School districts, much like employers, have begun to implement drug-testing policies. Many school officials cite statistics relating to school performance and safety among drug users. Whether the drug testing acts as a method of screening students or as a method of deterrence from drug use, the popularity of this practice has increased significantly in many school systems.
Supporters of high school drug testing often cite governmental statistics. These numbers show a steadily growing number of teenage drug users each year. Those in favor of mandatory drug testing suggest that such measures may be effective in keeping teenagers from using drugs. Fear of facing expulsion from school or punishment from their parents may be a good deterrent for high school students.
Although some officials would like to see a policy of mandatory testing of every student, most drug screenings require parental consent. Most schools require that there be probable cause or reasonable suspicion before requesting a drug test. If a teacher notices a student who appears aloof or has red and glassy eyes, he or she may request a drug test.
More common than random or suspicion-based high school drug testing is the testing of high school athletes. In nearly every school district, students who wish to compete in school sports must sign a release for a drug screening. This has become common in schools because of statistics showing that male high school athletes have a greater risk of drug abuse. These facts, accompanied by the fear of injury during competitions, have fueled the debate and existence of drug testing among athletes.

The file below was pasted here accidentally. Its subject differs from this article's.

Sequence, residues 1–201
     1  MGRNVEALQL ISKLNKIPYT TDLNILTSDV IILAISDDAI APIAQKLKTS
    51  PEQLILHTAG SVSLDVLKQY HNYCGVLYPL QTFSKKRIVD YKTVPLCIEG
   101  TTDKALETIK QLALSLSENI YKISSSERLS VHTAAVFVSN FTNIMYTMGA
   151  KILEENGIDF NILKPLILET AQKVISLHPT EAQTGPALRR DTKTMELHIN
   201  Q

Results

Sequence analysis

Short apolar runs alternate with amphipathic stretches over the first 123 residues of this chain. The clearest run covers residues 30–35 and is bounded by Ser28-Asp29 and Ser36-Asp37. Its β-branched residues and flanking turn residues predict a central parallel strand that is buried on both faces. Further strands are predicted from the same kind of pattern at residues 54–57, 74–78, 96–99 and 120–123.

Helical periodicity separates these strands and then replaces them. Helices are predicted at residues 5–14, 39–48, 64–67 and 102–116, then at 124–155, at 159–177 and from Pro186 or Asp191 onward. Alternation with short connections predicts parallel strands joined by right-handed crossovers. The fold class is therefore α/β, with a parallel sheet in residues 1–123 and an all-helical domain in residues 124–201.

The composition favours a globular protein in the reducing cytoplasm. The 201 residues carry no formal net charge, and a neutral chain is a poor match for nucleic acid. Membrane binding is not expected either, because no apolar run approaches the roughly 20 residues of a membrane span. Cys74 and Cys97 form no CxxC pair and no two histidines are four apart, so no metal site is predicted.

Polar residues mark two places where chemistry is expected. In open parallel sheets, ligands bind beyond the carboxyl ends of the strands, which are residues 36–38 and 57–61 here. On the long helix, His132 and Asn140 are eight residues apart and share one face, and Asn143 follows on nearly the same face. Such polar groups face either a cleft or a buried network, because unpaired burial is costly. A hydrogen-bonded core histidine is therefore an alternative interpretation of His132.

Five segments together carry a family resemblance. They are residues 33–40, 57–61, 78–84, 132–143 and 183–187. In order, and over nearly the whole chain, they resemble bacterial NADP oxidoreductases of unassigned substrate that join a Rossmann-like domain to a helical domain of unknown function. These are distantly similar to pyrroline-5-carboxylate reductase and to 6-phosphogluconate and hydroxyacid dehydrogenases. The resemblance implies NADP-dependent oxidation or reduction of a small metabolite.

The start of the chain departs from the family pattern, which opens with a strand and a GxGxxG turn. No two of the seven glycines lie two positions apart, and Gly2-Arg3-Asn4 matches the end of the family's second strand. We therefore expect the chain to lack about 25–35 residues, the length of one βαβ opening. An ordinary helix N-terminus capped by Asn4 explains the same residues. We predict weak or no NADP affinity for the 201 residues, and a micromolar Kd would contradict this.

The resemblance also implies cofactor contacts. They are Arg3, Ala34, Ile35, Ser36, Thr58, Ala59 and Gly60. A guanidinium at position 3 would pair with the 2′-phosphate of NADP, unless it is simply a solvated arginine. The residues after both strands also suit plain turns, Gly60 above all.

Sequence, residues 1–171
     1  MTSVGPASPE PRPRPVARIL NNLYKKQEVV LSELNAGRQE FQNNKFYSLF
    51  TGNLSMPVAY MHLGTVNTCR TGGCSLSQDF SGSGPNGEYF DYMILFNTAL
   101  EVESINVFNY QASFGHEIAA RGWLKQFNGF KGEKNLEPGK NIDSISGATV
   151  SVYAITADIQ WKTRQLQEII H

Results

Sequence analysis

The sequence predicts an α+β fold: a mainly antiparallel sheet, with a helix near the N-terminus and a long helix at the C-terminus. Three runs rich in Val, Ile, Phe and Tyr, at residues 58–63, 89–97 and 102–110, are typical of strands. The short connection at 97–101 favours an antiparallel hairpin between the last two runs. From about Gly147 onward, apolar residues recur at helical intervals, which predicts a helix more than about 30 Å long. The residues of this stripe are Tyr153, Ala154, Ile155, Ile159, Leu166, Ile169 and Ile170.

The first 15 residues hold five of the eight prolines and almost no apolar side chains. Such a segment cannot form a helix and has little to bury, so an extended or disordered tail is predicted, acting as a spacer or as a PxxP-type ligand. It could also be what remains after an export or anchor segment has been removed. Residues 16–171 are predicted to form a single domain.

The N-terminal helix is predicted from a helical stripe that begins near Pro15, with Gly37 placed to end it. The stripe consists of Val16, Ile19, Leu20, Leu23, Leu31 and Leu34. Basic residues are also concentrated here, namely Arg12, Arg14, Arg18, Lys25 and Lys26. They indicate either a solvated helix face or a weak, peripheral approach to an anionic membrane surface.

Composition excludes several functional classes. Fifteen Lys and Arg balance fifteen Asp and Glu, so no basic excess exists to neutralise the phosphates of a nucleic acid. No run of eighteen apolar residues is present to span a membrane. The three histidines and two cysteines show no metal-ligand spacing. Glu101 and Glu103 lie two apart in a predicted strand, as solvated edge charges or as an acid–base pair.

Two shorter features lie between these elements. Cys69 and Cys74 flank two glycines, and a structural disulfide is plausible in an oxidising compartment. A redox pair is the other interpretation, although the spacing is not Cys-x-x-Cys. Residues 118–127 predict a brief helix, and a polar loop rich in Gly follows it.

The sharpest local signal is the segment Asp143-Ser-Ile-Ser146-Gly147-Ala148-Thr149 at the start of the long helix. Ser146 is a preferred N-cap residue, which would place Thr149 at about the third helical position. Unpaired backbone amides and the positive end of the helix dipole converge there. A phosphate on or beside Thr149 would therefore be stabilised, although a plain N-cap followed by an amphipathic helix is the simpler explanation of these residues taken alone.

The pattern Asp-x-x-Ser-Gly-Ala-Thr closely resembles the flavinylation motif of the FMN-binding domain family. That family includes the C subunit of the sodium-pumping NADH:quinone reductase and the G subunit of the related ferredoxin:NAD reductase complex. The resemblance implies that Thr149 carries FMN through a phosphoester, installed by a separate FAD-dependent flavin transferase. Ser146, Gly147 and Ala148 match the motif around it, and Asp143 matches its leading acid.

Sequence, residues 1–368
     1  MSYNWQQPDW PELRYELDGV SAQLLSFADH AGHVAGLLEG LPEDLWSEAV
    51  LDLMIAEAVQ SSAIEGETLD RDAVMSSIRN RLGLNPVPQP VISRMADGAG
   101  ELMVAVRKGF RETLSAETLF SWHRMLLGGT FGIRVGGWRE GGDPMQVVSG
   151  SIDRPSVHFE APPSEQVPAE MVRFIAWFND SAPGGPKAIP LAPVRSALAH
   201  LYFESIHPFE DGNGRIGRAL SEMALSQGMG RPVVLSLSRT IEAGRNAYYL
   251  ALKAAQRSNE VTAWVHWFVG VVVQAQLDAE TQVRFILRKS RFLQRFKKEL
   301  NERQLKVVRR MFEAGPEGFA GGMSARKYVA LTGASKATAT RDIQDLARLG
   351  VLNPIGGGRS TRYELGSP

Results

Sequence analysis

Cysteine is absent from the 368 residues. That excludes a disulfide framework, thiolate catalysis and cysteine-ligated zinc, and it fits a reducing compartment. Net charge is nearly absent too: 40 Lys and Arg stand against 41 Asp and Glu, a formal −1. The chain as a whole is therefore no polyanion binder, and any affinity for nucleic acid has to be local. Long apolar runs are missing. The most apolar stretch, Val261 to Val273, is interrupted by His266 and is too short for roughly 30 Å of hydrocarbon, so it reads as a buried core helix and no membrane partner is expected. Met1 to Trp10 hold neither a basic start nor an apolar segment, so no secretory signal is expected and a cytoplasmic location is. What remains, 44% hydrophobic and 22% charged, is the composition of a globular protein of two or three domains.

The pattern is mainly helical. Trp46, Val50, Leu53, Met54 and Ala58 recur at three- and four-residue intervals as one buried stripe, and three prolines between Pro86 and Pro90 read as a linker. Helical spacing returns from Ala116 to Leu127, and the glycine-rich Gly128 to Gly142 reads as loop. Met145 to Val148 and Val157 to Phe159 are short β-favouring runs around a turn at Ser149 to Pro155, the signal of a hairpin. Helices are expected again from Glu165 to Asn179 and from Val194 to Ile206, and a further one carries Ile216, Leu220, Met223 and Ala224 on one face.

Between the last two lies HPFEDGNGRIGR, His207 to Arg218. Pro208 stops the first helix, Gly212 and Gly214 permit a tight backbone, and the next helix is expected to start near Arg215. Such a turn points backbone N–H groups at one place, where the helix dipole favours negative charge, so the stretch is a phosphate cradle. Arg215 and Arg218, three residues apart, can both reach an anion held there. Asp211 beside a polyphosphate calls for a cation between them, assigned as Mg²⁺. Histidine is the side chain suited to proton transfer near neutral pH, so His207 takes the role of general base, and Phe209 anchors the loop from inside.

Opponents of drug testing claim that it is a violation of privacy to require students to take drug tests. Privacy advocates suggest that with requests for mandatory drug screenings comes the potential for abuse. A few cases have existed in which a student was randomly searched and found to be in possession of drug paraphernalia. In these cases, the students were either suspended from school or sent to drug rehabilitation centers; it is often the case that these students were productive in school and were not necessarily considered to be problem students. Regardless of these isolated cases, many school districts defend the benefits of drug testing. Although formal statistics do not prove the theory, many educational experts believe that high school drug testing deters students from using or abusing illegal drugs.